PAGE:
The final team member was David Roberts who would deal with highways issues.

For the Council was barrister Alan Evans. We've seen him before and, whilst unassuming in style, and a master of brevity, we've seen him be thorough and very capable. He's not intimidated by Roger Lancaster's robust and flamboyant style and we've seen him score points against Mr Lancaster on occasions.

His witnesses were Fylde's Assistant Director of Planning Mark Evans who is a safe and capable pair of hands. He has a predilection to stand only on ground he is sure of anyway (which is why he had a 'capable' reputation) and Planning Officer Andrew Stell who is one of the more open planning officers we have met.

Two members of the public gave notice of an intention to speak, Stanley Kitt on behalf of local residents, and John Westmoreland for CPRE. The Inspector said he would call them after the Council's evidence and before the Appellant.

After the housekeeping issues of timetable and order of presentations etc, the Inspector summarised the issues of the appeal which were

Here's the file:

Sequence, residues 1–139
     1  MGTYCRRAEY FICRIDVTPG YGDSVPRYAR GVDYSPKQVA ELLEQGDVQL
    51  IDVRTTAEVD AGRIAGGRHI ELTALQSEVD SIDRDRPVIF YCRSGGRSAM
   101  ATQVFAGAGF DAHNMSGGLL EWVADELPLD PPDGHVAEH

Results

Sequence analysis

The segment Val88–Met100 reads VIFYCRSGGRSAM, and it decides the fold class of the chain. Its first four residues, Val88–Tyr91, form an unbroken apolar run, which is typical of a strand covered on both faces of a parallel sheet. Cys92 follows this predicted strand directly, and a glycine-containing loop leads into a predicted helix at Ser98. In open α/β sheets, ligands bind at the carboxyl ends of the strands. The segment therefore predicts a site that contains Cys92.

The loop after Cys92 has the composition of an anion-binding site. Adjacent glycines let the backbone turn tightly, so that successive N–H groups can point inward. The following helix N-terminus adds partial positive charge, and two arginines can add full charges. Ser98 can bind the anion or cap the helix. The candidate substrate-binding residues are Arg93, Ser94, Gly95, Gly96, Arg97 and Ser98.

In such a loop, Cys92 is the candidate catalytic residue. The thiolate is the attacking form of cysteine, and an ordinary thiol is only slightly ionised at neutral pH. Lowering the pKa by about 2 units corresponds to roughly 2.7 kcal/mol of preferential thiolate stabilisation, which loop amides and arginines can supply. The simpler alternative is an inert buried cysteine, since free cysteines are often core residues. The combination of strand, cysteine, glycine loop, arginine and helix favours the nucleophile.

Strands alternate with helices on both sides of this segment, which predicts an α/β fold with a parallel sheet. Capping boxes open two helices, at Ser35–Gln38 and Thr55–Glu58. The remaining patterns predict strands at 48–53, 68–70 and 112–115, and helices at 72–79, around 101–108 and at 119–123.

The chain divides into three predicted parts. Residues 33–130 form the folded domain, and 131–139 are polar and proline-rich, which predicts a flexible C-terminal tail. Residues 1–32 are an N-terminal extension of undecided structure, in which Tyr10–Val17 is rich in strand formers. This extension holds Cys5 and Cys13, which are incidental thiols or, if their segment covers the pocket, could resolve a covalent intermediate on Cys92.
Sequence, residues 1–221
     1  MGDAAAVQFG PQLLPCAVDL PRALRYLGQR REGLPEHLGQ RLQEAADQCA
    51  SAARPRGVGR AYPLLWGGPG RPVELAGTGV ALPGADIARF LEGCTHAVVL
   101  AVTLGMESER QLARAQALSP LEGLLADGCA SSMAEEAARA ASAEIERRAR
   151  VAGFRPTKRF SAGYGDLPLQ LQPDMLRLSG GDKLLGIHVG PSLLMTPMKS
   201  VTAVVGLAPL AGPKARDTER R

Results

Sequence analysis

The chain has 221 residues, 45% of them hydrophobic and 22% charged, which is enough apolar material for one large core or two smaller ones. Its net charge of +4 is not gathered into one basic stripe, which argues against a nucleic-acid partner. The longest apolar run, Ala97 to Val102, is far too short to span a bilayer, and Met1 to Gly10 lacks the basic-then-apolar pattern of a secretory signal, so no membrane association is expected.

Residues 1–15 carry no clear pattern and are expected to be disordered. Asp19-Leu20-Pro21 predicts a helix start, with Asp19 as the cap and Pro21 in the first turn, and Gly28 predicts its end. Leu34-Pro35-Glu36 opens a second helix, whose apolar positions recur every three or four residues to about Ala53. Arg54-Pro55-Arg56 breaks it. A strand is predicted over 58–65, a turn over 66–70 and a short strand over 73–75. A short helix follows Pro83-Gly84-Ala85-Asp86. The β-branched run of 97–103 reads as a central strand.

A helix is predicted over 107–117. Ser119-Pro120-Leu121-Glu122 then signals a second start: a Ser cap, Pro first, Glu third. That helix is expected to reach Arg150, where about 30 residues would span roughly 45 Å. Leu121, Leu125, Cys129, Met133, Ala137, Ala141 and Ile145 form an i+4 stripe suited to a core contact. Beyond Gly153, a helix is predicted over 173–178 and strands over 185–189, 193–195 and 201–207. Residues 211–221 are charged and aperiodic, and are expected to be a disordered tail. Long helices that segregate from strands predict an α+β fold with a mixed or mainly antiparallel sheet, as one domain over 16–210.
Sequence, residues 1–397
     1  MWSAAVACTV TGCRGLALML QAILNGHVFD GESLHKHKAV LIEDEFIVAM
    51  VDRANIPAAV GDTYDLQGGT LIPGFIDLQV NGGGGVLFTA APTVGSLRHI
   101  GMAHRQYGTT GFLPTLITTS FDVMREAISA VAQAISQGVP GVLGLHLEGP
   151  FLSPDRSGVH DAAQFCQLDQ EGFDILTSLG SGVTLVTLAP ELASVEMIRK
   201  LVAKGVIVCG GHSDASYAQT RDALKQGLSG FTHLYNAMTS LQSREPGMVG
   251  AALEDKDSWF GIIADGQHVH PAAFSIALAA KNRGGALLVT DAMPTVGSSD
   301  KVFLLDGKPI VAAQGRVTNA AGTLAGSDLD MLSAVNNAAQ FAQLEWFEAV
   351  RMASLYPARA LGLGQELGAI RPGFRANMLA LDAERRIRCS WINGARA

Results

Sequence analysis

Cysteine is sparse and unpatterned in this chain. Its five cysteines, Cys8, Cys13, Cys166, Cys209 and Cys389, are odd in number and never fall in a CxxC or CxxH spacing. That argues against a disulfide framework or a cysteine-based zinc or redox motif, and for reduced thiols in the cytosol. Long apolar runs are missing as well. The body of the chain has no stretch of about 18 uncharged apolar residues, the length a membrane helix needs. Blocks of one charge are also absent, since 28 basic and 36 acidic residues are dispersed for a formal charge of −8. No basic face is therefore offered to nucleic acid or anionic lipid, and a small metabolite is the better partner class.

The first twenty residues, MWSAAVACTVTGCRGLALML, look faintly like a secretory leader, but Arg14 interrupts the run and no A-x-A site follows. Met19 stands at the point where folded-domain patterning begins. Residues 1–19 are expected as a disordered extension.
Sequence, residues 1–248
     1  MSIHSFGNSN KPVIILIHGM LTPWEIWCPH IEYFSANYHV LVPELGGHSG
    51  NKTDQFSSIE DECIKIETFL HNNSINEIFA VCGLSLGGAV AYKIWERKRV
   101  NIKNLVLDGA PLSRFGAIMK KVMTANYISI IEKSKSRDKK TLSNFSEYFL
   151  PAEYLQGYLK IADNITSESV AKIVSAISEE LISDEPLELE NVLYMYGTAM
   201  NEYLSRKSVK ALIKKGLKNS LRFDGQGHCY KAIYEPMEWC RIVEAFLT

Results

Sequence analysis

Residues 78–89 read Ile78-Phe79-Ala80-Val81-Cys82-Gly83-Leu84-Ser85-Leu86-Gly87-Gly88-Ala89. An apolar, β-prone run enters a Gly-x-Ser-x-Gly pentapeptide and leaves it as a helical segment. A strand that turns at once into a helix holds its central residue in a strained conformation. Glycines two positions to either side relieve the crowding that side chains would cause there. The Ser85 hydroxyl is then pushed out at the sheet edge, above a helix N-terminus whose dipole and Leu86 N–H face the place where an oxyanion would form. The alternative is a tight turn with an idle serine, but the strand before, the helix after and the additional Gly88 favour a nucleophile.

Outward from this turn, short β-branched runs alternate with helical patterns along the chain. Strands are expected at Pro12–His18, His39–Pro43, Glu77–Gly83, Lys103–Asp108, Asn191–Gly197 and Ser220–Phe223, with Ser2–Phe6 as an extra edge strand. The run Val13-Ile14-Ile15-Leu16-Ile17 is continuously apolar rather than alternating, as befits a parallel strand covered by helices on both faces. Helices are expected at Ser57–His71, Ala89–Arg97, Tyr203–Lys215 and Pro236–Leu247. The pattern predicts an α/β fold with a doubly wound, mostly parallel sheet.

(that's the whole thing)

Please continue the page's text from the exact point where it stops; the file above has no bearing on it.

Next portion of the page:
• whether the plan complied with the development plan and national policy
  • the affect on the character and appearance of the locality
  • Whether it was sustainable
  • Whether it complies with the local plan for affordable housing, open space and so on
  • The position with public realm improvements and education.

ROGER LANCASTER - (Barrister for Mr Whitehead)
Opened the batting. He said it was a greenfield site with no technical impediment to its development. There were no highway issues. There needed to be 'greenfield release' to meet housing needs. This layout is radically different than the previous one. The basis for the previous decision has changed. It was common ground that Fylde could not demonstrate a 5 year land supply and he estimated that there was only 1.75 to 2.5 years. He said that gave Fylde a shortfall of 865 to 1000 housing units. So, he claimed, Fylde's Strategic Housing Land Assessment shows that we have to go outside the settlement boundary.

He also said only limited weight could be placed on the Government's intention to revoke Regional Strategies and, in any event, each proposed abolition/revocation would have to be subject to a separate Environmental Assessment before revocation could take place.